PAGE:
Use Coffee Roaster
Support and buy from fair trade organizations like:As Green As It Gets
You don't have to give up coffee entirely...many coffee sellers include fair trade options for coffee
However, most coffee sellers don't even market their fair-trade options--get the word out! The large coffee corporations pay the plantation owners somewhere in the region of $10000 for a harvest. This same harvest will go on to sell for nearly $75000 in the west – a 750% return on investment. The chronic underpaying of plantation owners has increasingly encouraged more and more inhumane tactics to try and make ends meet http://www.statisticbrain.com/coffee-drinkingstatistics/ Coffee is a brewed beverage with a strong flavor prepared from the roasted seeds of the coffea plant. The beans are found in coffee “cherries”, which grow on trees cultivated in over 70 countries, primarily in equatorial Latin America, Southeast Asia, South Asia and Africa. Responsibly Grown Coffee

We take a holistic approach to ethically sourcing coffee through responsible purchasing practices, farmer loans and forest conservation programs.
When we buy coffee this way, it helps foster a better future for farmers and a more stable climate for the planet, and it helps create a long-term supply of the high-quality beans we’ve been carefully blending, roasting and packing fresh for more than forty years. As Green As It Gets is a non-profit organization focusing on economic development and environmentally sustainable agriculture in Guatemala. partners with producers from impoverished Guatemalan communities Much of the labor is bonded labor--With few resources to meet daily needs, and no alternative sources of credit available, parents are often forced to pledge their children’s labor as payment or collateral on a debt. While parents may assume their children will be able to repay the debt out of future earnings, a combination of low wages and high interest rates often make repayment impossible and the child becomes bonded indefinitely Farmers at AGAIG are required to pay their workers over minimum wage. The legal minimum wage in Guatemala is currently 48.5 Quetzales (Q) per day (US$6.47). In July 2008, the daily cost of the basic food basket in Guatemala was Q64.72 (US$8.61). Evidently, the minimum wage does not provide sufficient income to purchase the basic items to feed a family, let alone cover the cost of utilities, medicine, transportation or school fees. http://www.asgreenasitgets.org/index.php?option=com_content&view=article&id=223:our-position-on-fair-trade&catid=48:coffee&Itemid=139 Only 7.9% of Starbucks' coffee is fair trade, and only about 3.7% of their profit comes from that In 2011, Starbucks made 11.7 billion dollars,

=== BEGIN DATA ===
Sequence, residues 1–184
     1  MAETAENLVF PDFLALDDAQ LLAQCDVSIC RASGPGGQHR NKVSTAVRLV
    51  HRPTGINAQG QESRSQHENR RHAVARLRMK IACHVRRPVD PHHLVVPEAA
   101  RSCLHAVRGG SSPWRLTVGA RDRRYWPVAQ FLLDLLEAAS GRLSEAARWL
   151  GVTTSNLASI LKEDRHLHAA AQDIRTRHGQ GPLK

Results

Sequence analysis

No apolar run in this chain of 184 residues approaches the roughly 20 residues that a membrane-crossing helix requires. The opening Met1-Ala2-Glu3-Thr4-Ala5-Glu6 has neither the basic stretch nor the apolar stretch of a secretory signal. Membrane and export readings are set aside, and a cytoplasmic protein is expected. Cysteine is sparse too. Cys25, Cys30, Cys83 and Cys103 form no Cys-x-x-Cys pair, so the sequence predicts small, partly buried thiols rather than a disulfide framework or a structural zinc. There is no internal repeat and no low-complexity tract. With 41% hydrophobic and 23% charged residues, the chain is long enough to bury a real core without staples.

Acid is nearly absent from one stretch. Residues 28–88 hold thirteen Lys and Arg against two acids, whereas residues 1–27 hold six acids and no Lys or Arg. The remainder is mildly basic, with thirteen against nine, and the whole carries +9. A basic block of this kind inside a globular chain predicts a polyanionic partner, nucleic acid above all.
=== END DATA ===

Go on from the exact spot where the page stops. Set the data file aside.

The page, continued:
so more than 10 billion dollars went towards non-fair trade coffee beans http://www.statisticbrain.com/starbucks-company-statistics/ places a strong emphasis on protecting the environment and land restoration as an integral part of business management.We believe that economic development is the key to reversing the poverty cycle. Fair Trade certifies the purchase of green (unroasted) coffee and guarantees a minimum price for unroasted coffee. unroasted coffee beans